Mitsubishi's Eclipse Coupe and its soft-top Spyder sibling return for 2011 - after a 2010 model year hiatus - with only some minor exterior and interior alterations but some significant improvements in the handling department that up their sportiness quotient considerably.
This fourth generation of the Eclipse, which arrived for the 2007 model year and was freshened in 2009, has always looked great; a compact and condensed visual package that really looks the sports coupe or convertible part.
And these front-drive four-seaters have always delivered on performance and price, available in affordable and fast-enough four-cylinder GS form, starting at $24,498 for the coupe or $33,295 for the more potent and pricier 265-hp, V-6 GT-P. The Eclipse Spyder GS is priced at $30,498 and the GT-P at $33,998.
The four-banger versions, however, came up a bit short in terms of mechanical refinement and handling that would have lived up to the promise of their sports car looks. The mechanically unchanged 2011 GS still lacks the former, but one essentially minor tweak and an equipment upgrade have certainly sharpened its handling edge.
The 2.4-litre, single-overhead-cam, four-cylinder engine motivates the GS with a matching 162 hp and 162 lb-ft of torque. Not bad numbers, only really eclipsed by the similarly priced Hyundai Genesis coupe's 210 hp. Other coupes that might be seen as rivals get by with 140-hp-plus.
But this big-ish four spins up on the key with a not particularly pleasant mechanical clatter and when it lights emits a harsh, hollow, breathy sound from its exhaust system - that to be fair I suppose, some might deem sporty. This motor doesn't come across as a particularly enthusiastic revver either, although it does distribute its torque over a broad enough range.
The shifter for the five-speed manual gearbox helps, clicking off quick and neat gear changes. And if you have a heavy-enough right foot and a deft right wrist to flick between ratios, the Eclipse will scoot down the road quickly enough to be interesting. It did take a little while to get into the car's shifting rhythm around town, though. The revs hang up irritatingly between shifts and getting everything in sync required a little familiarity.
And despite (newly standard for 2011) stability and traction control systems, poking the throttle hard un-weights the front end, causing the tires to easily lose their grip, noticeably so on damp pavement. The front suspension also loses its composure under hard straight-ahead launches, exhibiting rampant axle-tramp.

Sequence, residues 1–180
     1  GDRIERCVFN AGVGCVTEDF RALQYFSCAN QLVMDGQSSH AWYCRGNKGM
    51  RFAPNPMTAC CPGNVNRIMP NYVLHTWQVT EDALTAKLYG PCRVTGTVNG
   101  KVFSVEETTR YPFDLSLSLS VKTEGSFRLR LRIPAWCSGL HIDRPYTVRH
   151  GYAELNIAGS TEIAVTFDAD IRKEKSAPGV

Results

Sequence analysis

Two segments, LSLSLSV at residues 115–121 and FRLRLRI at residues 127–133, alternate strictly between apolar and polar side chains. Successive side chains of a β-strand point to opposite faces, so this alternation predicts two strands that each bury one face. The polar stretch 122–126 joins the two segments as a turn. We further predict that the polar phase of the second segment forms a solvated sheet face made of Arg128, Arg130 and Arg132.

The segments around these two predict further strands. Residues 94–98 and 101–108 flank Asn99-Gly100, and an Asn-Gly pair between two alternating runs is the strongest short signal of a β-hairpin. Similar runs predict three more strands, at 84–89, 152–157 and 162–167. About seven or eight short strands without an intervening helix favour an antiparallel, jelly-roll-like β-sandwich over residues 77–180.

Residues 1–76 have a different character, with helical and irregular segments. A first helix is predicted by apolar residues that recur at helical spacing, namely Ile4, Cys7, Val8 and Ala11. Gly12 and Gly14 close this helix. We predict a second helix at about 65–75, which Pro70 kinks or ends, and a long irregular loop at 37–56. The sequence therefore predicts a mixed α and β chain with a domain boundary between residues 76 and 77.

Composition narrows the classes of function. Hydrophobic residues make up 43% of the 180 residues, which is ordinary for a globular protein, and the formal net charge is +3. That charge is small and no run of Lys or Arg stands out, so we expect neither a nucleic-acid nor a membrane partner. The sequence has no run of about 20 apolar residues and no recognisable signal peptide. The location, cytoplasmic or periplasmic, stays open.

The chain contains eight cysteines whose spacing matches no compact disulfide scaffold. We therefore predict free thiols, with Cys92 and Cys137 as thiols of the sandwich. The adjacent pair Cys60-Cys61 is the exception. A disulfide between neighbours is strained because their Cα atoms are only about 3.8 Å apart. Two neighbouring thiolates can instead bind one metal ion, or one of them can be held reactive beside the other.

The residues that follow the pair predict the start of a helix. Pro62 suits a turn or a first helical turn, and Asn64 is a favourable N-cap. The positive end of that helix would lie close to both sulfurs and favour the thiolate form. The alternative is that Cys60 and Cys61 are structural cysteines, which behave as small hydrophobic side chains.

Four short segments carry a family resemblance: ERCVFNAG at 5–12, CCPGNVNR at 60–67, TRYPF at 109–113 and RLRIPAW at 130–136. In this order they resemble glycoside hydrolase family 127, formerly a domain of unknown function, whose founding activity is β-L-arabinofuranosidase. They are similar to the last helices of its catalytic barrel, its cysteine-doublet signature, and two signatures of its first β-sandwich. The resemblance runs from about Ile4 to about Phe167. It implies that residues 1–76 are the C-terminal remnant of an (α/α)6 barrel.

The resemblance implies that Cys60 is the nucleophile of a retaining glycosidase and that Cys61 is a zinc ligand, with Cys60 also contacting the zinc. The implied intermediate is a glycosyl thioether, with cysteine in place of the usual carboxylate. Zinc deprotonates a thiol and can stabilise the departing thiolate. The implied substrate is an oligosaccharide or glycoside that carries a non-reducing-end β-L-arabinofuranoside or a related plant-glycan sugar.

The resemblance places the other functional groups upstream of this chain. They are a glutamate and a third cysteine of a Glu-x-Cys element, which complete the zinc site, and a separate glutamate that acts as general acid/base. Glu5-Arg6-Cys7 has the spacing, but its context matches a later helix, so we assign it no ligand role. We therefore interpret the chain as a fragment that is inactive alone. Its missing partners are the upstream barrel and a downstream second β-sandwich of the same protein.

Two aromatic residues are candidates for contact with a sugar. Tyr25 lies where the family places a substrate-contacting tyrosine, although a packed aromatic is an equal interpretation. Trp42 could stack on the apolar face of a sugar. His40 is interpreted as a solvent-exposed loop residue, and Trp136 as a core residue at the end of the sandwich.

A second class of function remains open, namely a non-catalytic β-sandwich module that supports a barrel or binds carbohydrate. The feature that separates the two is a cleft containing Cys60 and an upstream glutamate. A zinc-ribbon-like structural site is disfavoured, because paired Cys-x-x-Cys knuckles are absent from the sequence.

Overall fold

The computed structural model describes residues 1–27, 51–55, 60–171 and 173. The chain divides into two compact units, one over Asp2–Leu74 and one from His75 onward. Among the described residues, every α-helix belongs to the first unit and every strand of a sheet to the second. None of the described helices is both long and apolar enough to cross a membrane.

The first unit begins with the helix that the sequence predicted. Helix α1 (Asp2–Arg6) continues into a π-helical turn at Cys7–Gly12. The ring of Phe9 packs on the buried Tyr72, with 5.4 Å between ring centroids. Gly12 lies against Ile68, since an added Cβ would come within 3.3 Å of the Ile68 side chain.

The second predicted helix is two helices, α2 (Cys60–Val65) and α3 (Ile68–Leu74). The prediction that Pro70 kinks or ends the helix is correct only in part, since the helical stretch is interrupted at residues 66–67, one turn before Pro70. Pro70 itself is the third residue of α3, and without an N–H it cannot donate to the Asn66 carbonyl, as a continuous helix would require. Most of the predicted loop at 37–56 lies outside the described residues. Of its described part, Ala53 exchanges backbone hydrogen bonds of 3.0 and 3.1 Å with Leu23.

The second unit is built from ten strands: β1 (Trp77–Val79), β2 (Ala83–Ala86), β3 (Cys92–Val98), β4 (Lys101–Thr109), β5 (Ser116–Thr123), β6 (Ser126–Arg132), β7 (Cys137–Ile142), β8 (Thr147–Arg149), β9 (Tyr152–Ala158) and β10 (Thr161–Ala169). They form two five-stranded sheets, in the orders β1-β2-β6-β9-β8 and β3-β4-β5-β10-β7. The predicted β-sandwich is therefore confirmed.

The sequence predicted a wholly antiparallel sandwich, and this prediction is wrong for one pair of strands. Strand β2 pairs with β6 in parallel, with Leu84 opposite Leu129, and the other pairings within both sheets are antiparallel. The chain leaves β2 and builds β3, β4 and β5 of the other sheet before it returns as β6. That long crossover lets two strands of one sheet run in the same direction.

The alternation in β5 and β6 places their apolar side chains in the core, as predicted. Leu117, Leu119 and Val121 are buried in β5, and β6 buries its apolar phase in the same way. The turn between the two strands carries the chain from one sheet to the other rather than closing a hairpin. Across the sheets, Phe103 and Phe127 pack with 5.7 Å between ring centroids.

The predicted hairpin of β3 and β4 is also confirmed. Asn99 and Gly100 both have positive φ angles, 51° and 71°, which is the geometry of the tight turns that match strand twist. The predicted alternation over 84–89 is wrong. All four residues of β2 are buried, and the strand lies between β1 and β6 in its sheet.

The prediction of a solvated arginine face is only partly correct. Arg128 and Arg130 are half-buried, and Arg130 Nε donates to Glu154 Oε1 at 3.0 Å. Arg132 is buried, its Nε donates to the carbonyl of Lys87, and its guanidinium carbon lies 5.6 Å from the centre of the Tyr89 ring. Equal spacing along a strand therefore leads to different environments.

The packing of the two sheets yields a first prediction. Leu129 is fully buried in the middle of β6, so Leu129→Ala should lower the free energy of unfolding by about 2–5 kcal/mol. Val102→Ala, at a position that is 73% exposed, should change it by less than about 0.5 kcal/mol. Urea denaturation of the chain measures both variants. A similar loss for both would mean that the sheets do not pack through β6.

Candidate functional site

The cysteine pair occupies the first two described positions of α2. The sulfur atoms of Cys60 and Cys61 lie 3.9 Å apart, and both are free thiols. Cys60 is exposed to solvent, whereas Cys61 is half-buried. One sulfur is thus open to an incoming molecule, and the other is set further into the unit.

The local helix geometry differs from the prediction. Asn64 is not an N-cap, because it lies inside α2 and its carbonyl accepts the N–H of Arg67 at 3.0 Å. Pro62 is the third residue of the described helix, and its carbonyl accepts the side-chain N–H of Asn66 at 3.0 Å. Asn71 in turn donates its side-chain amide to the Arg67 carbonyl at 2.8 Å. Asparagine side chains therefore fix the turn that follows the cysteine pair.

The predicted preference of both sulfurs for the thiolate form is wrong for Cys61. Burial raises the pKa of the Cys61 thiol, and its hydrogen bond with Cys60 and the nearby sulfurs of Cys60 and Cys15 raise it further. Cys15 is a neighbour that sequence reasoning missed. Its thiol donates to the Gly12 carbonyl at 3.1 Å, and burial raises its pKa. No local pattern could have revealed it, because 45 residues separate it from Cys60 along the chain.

The Eclipse's structure appears stiff enough and the McPherson strut front and multilink rear, with a strut tower brace up front and anti-roll bars at both ends, sounds up to the job, but something - geometry, damping? - needs sorting out.
All Mitsubishi has done to make a significant improvement in the Eclipse's handling for 2011 is simply lower it by 15 mm and fit fatter tires. But these two things, combined with quick-ish ratio steering that has acceptable feel and firm springing, has resulted in enthusiastic new levels of response.
The tires are now P235/45 R18 (versus the 2009 model's P225/50R17) performance-oriented all-seasons mounted on wide 18-inch alloy rims. This generous amount of rubber allows the Eclipse to change directions with improved agility and precision.
At sensible speeds on a back road, it's good fun and would likely acquit itself well at a track day or not kill too many cones at an autocross event. Brake pedal feel is progressive and the system will handle any driving they're likely to be exposed to on the street without complaint.
Getting into the Eclipse's sporty-looking and well-bolstered front seats requires only minor contortions but the tighter (but just usable) rear quarters require some limberness. Space under the hatch is a useful 445 litres.
The interior layout is conventional and basic, but nicely done with a leather-wrapped wheel and some brightwork to up the tone level. Equipment is what you'd expect for 25 grand, the audio and climate control systems work well and it's quiet enough at speed. There's a wide array of airbags, too. Ride can be a little harsh over broken surfaces, but isn't punishing. Outside mirrors are located too far rearwards for shorter drivers.
You can upgrade with a $3,300 package that adds a sunroof and Rockford Fosgate audio system, steering-wheel controls, temp readout and compass, auto-dimming mirror and rear-view camera.
A very sporty-looking little coupe that offers decent enough performance, handling and interior amenities, but which is getting overdue for a remake to bring it to a higher level of mechanical sophistication.
2011 Mitsubishi Eclipse GS
Type: Sports coupe
Base Price: $24,498; as tested, $25,848
Engine: 2.4-litre, DOHC, inline-four
Horsepower/torque: 162 hp/162 lb-ft
Transmission: Five-speed manual
Fuel economy (litres/100 km): 10.6 city/7.4 highway; regular gas
Alternatives: Hyundai Genesis Coupe, Kia Koup, Ford Focus Coupe, Honda Civic Coupe, Chevrolet Cobalt Coupe